Into The Light: Hugh Hefner

Hugh Hefner has passed. I never had the chance to meet him, though I’m told both he and his daughter Christie both checked me out when I did my photographic internship at Playboy.
 
While there were — of course — tales of parties and such, most of the tales I heard about him concerned photography and his passion for it. Not just passion, but considerable knowledge and appreciation.
 
One tale I was told concerned his directives on what format was used to shoot various sized shots in the magazine. The larger the picture in the magazine, the larger the format with the centerfolds being shot on an 8×10 camera. One of the long-time photographers told me of a time they tested Hugh, as they didn’t think he could tell the difference. Seems he caught on to the test, correctly identified which photo had been shot on what format, and sent back a message basically saying ‘good try, don’t ever do that again or you are fired.’
 
When I was there was a time of transition for the empire. Christie had just taken over, and Hugh had left Chicago for good. The photography was changing, but there was still quite a bit of the “it’s not what you show, but how you don’t show it” philosophy at work. The idea was to be fresh, but elegant, and not to sink to the levels of some other publications. That philosophy still shapes a lot of what I do.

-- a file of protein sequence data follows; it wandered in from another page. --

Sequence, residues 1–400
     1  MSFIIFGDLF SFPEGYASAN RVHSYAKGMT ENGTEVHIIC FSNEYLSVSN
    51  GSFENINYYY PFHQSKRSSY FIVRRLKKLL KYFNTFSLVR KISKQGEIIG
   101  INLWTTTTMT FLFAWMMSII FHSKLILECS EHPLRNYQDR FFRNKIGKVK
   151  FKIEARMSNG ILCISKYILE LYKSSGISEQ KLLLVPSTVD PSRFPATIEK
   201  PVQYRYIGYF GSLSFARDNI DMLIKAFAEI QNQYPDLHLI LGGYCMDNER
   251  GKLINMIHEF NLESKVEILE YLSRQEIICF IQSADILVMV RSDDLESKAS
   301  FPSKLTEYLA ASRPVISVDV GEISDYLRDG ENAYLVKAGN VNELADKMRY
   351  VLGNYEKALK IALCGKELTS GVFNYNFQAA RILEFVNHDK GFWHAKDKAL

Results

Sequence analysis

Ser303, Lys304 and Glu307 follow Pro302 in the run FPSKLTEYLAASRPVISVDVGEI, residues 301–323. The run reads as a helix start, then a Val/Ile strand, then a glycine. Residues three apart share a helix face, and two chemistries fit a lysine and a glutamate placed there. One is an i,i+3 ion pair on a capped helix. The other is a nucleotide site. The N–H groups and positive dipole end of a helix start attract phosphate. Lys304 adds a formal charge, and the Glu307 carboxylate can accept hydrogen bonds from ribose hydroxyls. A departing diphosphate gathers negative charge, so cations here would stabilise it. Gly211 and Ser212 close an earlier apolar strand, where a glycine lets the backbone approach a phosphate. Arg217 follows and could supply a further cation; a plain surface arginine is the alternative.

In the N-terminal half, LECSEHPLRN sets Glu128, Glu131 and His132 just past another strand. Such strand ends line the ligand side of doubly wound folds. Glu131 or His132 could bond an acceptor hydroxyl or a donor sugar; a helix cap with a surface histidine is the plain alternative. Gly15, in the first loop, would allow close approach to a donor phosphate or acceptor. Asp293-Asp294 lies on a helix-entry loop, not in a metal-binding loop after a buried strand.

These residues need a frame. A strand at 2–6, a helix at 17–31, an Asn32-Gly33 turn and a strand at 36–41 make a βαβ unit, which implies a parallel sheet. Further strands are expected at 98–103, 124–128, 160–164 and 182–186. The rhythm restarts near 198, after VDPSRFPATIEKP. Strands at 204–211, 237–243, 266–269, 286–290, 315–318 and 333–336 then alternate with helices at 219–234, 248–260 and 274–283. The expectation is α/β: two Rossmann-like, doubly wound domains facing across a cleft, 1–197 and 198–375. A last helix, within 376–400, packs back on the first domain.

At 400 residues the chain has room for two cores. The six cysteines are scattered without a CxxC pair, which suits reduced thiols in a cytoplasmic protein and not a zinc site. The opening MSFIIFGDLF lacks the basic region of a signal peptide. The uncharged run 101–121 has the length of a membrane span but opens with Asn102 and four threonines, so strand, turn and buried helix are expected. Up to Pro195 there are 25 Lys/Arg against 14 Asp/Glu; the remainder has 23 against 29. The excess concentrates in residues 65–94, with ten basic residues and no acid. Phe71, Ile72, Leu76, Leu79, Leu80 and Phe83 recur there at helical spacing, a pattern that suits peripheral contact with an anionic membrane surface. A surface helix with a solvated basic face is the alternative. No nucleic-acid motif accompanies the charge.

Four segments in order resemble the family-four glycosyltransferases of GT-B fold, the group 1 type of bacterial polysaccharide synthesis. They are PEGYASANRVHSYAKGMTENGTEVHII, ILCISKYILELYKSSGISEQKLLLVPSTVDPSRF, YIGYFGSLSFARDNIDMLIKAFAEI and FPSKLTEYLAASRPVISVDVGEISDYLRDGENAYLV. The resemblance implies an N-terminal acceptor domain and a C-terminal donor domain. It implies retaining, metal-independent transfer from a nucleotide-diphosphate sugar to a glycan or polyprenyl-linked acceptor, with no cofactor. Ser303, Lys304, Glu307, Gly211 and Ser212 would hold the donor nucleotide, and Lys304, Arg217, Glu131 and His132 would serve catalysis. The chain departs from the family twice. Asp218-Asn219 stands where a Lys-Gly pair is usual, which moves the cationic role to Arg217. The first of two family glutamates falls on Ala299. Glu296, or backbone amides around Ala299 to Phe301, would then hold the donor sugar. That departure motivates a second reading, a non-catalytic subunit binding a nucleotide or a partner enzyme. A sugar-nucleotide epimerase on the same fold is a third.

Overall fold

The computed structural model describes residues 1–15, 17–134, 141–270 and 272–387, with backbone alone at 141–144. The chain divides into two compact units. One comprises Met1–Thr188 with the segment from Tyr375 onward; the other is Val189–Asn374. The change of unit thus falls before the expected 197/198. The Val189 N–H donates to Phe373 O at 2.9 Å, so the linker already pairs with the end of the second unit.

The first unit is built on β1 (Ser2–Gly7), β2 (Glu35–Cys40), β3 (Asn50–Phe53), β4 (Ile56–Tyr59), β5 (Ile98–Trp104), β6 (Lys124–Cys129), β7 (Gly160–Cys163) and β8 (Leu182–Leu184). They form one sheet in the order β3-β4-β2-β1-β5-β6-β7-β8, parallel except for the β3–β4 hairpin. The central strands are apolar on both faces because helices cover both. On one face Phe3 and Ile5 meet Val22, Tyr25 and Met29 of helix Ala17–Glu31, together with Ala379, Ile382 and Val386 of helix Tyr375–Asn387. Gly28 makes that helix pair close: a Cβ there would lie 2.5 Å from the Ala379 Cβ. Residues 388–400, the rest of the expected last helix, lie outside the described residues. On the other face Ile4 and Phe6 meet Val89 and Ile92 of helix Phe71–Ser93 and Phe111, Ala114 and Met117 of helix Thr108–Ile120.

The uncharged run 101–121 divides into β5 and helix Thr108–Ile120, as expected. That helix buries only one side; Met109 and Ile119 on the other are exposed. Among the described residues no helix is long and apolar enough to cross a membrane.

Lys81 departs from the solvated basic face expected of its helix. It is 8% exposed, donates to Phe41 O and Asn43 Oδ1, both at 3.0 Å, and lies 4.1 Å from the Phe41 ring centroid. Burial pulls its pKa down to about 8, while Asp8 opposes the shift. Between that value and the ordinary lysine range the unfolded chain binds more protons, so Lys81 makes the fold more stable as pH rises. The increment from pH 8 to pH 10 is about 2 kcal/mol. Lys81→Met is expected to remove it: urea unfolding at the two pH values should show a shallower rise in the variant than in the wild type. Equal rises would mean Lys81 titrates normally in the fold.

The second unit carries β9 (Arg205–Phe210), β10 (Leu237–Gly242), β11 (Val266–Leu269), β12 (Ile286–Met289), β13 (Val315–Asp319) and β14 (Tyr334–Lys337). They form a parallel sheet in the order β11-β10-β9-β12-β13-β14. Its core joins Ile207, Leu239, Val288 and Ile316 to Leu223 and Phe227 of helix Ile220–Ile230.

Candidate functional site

And, yes, Hugh not only selected the playmates, at the time I was there he still personally approved every photo that went into magazine. He was also quite serious about the “girl next door” part of things, and anyone moving towards being a playmate was vetted to be sure they met his standards on that.
 
So, to Hugh: Thank You. Your magazine influenced my youth in photo and in word (yes, I did read the articles, sometimes before looking at the photos). Interning at your magazine is still influencing my photography to this day. The chance to meet Pompeo and other photographers, and more importantly to work extensively with David Mecey, David Chan, and Randy Goss (the studio manager) did wonders to improve my talent. Indirectly, you introduced me to some wonderful things and a number of good people. Godspeed.

Into The Light: Jerry Pournelle

NOTE:  I started writing this the day the news broke; but, life has been hectic and frankly this one has been hard to write.  So, trying to finish it now and get it out. 

Since hearing the news of his death, I’ve been thinking about the Jerry Pournelle I knew. That phrasing is very deliberate, because science fiction fandom has long been into drama, and the tall tales of Jerry and others were legend continuously being embellished and embossed. Many in the field have written about him, and he was a giant in the field. Yet, far fewer realize the impact he had on many areas outside the field.

I first met him at a worldcon (LA I think) and while he was harried and hurried, he was gracious. I think I met him again at another con, but it was when we met at a science conference that he took a look at me, and some amazing things (from my perspective) happened.